Food Systems and Public Health

Food is at the center of many critical public health issues, from hunger to obesity, chronic disease to climate change. Unhealthy diets contribute to approximately 678,000 deaths in the U.S. each year, and the numbers of overweight and obese adults is rising in nearly every region and every country. Thirteen percent of the world’s population are now obese. Unhealthy diets are linked to a wide range of chronic health conditions, which also increase the risk of hospitalization and death from COVID-19. About half of all American adults now have one or more preventable diet-related chronic diseases. Food security and nutrition are increasingly seen as powerful determinants of health.

The Program in Food Systems and Public Health catalyzes research and practice on food-related issues. Our vision is to bring an interdisciplinary research perspective to inform programs and policies related to food, whether by investigating unequal access to nutritious food, examining the impact of food choices on the gut microbiome, or exploring the relationships among food, food systems and issues such as income inequality, the global economy, climate change, policy, and health.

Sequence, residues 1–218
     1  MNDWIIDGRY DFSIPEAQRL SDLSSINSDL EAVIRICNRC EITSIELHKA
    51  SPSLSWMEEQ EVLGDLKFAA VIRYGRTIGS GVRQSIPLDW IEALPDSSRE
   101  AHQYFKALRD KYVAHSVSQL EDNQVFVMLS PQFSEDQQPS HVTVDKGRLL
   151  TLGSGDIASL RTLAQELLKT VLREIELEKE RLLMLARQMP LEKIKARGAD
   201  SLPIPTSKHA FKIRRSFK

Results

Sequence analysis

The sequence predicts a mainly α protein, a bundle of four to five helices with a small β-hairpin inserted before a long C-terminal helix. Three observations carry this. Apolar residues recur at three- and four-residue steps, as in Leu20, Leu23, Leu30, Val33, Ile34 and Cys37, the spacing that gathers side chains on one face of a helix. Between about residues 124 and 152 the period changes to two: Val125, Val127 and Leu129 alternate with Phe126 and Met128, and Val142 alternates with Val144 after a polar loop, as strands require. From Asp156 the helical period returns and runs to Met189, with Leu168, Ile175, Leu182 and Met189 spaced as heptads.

Many faculty members conduct and implement nationally recognized research and programs in urban health, food policy, and food systems.

The MPH program offers an Advanced Certificate in Food Systems and Public Health as a specialization available to enrolled MPH students who are interested in gaining foundational knowledge and understanding of the role that food plays in public health.

The Food Fellows Program allows students to benefit from a hands-on learning opportunity with organizations working at the intersection of food and public health.